select a wider aperture to control depth of field, start by
setting your main flash at one-half or one-fourth power
and adjust your fill flash appropriately.
Adjusting lighting ratios by flash-to-subject-
distance is another method to control lighting ratios. An
easy way to calculate footage for a 3:1 ratio with two
lights of equal intensity is to think of the full f/stops (2,
2.8, 4, 5.6, 8, 11, 16, 22, etc.) as distances in feet. Place
the main light at the desired distance closest to one of
the "f/stops," and place the fill light at the distance
indicated by the next larger number; that is, 5.6 feet and
8 feet or 16 feet and 22 feet, and so on.
Another easy method to control the lighting ratios
using an automatic electronic flash is to use the flash
unit in the automatic mode. When set in the automatic
mode, the flash-to-subject distance is not supercritical,
and there is some leeway as long as the flash units are
within their operating range.
To obtain a 2:1 lighting ratio, you simply have both
flash units set at the same automatic setting and at
approximately the same distance from the subject. For
a 3:1 lighting ratio, use the same automatic setting and
approximately the same flash-to-subject distances, but
set the fill flash at twice the film speed as the film being
used (main flash setting). For a 5:1 or even higher
lighting ratio, use the same automatic setting and
approximately the same flash-to-subject distance and
set the fill flash at four times more than that of the main
flash, and so on.
Any lighting ratio can be obtained when using an
automatic flash unit. By controlling the power output
intensity, adjusting the film speed setting, changing the
main and fill flash distances, or a combination of the
three, you can manipulate the lighting ratio easily to any
ratio. As with any stage of photography, practice and
testing with your camera and flash combinations in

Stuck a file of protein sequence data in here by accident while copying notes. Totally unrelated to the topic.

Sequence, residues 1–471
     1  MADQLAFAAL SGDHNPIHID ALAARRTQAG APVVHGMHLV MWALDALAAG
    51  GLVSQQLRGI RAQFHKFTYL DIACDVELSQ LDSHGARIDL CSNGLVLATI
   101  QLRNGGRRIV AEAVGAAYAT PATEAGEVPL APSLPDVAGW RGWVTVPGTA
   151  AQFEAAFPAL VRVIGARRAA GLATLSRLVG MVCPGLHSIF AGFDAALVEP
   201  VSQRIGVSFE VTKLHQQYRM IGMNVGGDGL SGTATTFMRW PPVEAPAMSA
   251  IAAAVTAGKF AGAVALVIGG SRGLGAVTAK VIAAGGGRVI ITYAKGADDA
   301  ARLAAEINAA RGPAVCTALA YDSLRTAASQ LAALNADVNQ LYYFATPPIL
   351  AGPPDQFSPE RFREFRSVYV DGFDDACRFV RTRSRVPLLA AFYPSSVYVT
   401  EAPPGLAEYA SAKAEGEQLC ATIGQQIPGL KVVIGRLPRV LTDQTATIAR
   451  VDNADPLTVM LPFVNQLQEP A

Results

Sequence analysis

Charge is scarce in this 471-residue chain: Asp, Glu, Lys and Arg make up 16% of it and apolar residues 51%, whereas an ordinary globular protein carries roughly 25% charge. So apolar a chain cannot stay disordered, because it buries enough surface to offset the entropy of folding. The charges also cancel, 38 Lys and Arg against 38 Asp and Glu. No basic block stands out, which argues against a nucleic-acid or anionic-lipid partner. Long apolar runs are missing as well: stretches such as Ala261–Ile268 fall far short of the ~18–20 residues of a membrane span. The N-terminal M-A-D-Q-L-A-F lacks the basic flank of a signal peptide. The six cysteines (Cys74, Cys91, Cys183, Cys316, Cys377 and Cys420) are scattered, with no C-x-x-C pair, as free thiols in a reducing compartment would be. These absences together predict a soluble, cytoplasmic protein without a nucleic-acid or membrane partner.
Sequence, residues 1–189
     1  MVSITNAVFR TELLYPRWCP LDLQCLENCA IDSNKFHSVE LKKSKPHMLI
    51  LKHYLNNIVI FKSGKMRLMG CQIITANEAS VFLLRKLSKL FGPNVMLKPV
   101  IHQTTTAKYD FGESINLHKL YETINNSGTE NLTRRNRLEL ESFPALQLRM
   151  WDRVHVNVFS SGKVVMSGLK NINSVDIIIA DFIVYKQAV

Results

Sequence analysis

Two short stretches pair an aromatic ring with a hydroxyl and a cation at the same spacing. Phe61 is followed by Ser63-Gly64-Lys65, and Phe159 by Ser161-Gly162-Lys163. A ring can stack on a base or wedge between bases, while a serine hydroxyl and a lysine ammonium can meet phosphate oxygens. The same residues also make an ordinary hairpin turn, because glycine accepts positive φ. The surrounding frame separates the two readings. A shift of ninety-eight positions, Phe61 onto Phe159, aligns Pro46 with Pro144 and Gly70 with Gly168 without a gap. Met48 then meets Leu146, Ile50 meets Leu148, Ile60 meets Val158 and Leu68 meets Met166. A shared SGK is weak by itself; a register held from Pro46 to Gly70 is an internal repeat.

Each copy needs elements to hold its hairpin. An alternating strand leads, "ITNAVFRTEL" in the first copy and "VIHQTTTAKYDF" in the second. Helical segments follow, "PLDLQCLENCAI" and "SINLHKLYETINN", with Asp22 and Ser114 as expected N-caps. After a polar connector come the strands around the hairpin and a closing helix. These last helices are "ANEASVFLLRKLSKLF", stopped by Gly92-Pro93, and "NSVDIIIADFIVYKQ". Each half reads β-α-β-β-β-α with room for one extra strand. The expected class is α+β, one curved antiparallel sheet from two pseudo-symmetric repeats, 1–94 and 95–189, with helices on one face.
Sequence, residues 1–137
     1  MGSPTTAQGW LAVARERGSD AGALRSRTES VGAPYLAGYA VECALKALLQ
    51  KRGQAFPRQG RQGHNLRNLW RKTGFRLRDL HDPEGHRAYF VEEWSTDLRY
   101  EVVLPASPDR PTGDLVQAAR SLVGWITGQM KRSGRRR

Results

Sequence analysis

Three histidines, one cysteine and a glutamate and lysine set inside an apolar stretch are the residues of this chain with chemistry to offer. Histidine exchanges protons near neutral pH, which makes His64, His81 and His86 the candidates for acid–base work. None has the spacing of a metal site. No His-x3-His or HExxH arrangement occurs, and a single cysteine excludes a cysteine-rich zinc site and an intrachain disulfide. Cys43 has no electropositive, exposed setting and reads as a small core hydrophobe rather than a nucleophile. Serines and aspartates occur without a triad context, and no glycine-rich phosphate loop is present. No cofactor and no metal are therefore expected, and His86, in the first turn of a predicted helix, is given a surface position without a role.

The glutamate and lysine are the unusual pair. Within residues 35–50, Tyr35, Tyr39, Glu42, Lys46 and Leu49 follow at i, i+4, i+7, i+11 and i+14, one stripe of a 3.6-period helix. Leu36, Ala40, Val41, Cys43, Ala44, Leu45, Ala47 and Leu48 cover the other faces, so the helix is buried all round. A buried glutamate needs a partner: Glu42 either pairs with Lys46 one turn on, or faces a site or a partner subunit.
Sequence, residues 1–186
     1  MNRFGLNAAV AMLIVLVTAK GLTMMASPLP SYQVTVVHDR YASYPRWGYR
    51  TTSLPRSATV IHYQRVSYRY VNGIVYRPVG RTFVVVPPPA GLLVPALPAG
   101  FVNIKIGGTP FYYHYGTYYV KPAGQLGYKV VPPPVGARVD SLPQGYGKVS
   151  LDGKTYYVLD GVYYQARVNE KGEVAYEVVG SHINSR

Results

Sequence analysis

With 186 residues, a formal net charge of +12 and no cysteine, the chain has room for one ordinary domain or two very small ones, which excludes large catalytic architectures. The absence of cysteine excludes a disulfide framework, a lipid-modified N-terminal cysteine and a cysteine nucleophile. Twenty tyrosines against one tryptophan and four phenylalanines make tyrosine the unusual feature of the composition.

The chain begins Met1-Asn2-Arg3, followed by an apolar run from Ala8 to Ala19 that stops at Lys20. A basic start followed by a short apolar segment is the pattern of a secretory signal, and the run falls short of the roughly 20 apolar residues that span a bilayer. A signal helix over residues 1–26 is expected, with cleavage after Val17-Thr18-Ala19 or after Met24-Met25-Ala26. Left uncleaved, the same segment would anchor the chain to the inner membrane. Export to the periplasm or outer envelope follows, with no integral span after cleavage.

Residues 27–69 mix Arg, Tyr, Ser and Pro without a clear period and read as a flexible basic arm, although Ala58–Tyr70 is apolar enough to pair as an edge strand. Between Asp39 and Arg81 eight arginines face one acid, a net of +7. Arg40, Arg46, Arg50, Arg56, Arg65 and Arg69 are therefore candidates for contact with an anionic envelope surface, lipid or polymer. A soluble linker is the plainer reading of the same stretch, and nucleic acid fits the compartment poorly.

various situations produces the best results.
Bright sunlight, used as the only means of
illumination for an exposure, can produce deep
objectional shadows on a subject. When a flash unit is
used as a fill-in source of illumination, it reduces these
shadows and is known as synchro-sunlight photography.
Improperly handled, the synchro-sunlight
technique can produce an effect that makes the
photograph appear as if taken at night with a single flash.
This effect occurs when the flash illumination is more
intense than the sunlight.
The first step for proper exposure with synchro-
sunlight is to calculate the correct exposure for daylight,
and set the shutter speed and f/stop as though a flash is
not being used; however, keep in mind when using a
focal-plane shutter, the shutter speed must be
synchronized with the electronic flash unit. Avoid using
a fast film in bright sunlight when using a camera
equipped with a focal-plane shutter. In this case, you are
limited only to your aperture to control the exposure of
the film, because your shutter speed is nonadjustable. A
leaf shutter has an advantage over a focal-plane shutter.
When a leaf shutter is used, it provides more control over
depth of field since the shutter synchronizes at all shutter
When you are using an automatic flash, the same
principles apply for synchro-sun that were explained in
the section for lighting ratio. The sun is used as the main
light, and your camera settings are determined directly
from your light meter. The easiest method is to set the
film speed (ISO) on your flash unit to twice the film
speed being used for a 3:1 lighting ratio and four times
the film speed being used for a 5:1 ratio. A fraction of
the manual power output can also be used to achieve the
desired lighting ratio.
Remember to compensate your exposure by
opening up two f/stops for a backlit subject and one
f/stop for a subject that is sidelighted when taking your
light meter reading from a distance. For color
photography, you should normally use a 2:1 or 3:1
lighting ratio. For black-and-white photography, a ratio
of 3:1 to 5:1 is acceptable.
Multiple flash is the use of two or more flash units
fired in synchronization with the camera shutter. The
flash units can be auxiliary flash units, connected to the
camera by extension cords, or they can be slave flash
units. Slave units usually have self-contained power
sources and are fired with a photoelectric cell when light
from a master flash unit strikes the cell of the slave unit.
With multiple flash, exposure calculations are based
on the distance between the subject and the flash unit
that produces the most intense illumination to the
subject; therefore, you can have numerous auxiliary
flash units or slaves for a scene and only calculate your
exposure from the mainlight source. All other flash units
should be equidistant or at a greater distance from the
subject as compared to the flash unit on which the
exposure is based.

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